Despite concerning job cuts, recent reports suggest that the trend of workers having the upper hand in the labor market will continue into the new year. In 2023, organizations are expected to face historic challenges: a competitive talent landscape, an exhausted workforce, and pressure to control costs. Job seekers have their sights set on the total package, which includes enjoyment and fulfillment in their role, in addition to a hearty salary and benefits package. The name of the game: Adapt or Die. Here are a few trends to keep a lookout for in the coming year.

According to Glassdoor and Indeed’s Hiring and Workplace Trends report, 2023 will continue to see a tight market with employers vying for top talent and will likely have to take a back seat to employee demands. Employers who are willing to offer the provision of flexibilities, like a remote/hybrid schedule or accommodating working parents will gain their loyalty in return. A happy employee equals a productive employee, and they need to feel a mutual investment from both parties.

As of December 2022, more than 90% of our clients are either working in the office or offering a hybrid schedule. Except for positions in IT/Technology we’re not seeing as much remote work being offered.

Hustle culture is a trend of the past and while remote work was a benefit for some, it has obscured the line between a work-life balance.  The glorification of working long hours in the pursuit of success has led to workers feeling defeated, disengaged, and burned out. Employees have become less willing to sacrifice their health and personal lives for work as they realize the greater importance of disconnecting. In a recent Gallup analysis, over 50% of employees say their manager or organization could have done something to prevent them from leaving their job. Companies will be pressed to find ways to invest in their employees, from upskilling or tuition reimbursement to more creative and flexible compensation packages.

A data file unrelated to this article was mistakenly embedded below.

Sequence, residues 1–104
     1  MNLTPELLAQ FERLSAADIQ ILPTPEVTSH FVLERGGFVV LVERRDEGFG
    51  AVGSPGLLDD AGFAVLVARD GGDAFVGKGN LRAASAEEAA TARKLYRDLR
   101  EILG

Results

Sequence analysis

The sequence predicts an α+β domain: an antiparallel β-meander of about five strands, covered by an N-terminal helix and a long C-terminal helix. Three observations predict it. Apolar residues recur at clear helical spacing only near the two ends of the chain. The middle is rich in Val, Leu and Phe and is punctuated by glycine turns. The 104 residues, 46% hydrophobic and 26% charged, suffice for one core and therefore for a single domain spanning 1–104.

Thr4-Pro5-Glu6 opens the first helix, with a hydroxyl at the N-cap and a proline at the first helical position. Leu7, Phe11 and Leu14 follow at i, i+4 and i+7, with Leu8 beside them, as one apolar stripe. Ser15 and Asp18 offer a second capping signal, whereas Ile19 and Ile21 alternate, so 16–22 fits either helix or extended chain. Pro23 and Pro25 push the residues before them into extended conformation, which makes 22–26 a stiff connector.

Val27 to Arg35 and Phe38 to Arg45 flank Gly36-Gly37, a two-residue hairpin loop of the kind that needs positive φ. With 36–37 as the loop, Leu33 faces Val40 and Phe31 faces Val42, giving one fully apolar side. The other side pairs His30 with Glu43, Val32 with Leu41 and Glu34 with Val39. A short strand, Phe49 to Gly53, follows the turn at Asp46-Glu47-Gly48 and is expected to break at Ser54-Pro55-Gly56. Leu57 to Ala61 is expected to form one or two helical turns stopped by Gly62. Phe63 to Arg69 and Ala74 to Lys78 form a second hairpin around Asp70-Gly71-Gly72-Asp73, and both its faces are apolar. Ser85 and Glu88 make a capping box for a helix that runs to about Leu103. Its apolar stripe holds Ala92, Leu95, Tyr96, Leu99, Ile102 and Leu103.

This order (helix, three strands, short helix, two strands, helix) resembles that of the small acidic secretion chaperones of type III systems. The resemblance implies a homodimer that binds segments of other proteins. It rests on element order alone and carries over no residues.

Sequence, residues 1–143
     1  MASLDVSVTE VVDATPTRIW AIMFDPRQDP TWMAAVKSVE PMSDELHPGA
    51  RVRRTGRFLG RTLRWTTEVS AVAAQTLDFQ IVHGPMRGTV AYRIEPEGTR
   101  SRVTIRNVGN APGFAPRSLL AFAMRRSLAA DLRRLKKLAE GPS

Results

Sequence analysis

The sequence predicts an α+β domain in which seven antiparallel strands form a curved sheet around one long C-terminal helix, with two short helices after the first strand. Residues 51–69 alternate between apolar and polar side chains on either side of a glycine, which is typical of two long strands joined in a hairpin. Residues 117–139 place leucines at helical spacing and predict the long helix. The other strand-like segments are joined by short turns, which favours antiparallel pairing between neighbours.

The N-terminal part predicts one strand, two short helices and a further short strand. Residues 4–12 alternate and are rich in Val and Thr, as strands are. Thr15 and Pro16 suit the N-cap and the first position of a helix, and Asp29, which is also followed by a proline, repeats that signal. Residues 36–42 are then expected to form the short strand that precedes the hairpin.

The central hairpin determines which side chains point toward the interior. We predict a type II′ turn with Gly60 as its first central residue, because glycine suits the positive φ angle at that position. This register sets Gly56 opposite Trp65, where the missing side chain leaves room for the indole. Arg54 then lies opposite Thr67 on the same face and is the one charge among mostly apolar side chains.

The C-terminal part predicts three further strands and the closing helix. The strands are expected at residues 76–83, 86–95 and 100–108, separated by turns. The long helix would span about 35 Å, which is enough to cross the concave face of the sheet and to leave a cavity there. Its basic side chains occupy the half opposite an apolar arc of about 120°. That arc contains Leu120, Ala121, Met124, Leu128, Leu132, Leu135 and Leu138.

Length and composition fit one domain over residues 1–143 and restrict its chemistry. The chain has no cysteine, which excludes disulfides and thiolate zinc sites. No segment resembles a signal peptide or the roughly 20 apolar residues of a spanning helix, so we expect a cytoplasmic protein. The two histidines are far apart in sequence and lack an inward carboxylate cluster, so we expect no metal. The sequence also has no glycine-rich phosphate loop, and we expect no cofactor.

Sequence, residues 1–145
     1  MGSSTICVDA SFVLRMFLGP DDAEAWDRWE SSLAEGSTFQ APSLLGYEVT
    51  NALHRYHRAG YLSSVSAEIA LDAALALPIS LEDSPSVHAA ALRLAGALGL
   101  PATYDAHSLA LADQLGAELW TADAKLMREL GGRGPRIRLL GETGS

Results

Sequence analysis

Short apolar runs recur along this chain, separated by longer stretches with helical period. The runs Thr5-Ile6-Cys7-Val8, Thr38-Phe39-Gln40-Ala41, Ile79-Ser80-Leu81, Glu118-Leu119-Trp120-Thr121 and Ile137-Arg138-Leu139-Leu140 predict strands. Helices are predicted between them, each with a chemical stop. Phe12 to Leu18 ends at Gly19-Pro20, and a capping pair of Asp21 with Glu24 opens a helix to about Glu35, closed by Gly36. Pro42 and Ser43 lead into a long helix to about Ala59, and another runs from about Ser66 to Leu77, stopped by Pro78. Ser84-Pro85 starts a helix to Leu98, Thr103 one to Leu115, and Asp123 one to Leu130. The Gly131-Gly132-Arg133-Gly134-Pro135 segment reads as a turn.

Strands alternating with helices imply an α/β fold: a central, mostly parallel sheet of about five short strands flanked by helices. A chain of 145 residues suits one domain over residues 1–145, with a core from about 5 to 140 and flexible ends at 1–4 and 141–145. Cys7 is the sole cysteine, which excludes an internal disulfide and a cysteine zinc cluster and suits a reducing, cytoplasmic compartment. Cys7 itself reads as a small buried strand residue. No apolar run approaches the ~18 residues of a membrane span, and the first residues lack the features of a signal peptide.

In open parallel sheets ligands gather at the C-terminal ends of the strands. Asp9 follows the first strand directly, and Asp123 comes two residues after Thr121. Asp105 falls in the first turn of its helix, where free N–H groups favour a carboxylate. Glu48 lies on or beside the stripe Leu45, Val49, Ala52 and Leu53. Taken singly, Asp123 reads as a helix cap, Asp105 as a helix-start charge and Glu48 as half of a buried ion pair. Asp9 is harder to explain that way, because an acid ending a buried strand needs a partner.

Employers must prioritize the demands of employees by having conversations at the employee level often intercepting problems before they occur, or otherwise offering a path toward resolution. Measuring and understanding employee well-being is becoming a vital way to attract and retain top talent. Over 50% of employees place a high value on mental health care and the support they are offered by their employers, stating that their mental well-being at work impacts how they feel at home. Additionally, eight in ten U.S. workers surveyed by the American Psychological Association said a perspective employers’ approach to mental well-being would be “an important consideration” when job hunting. Employers must take an inclusive approach, when adapting to new policies and procedures, toward both prospective and existing employees.

Increasingly trending, DEIB (Diversity, Equity, Inclusion, and Belonging in 2023) will remain a critical factor in a company’s ability to drive success. Organizations placing DEIB at the forefront of priorities will transform how their employees work and relate to each other. More companies are expected to partner with DEIB and HR to lead their people – from the C-suite to entry-level employees – with an inclusive approach. Employees want their companies to “walk the walk” by implementing DEIB strategies toward impactful change.

2023 holds the potential to be a banner year of adaptation to perpetually changing trends within the labor market. Organizations willing to put emphasis on the influx of employee demands will thrive, while others will see a noticeable decrease in employee retention and productivity.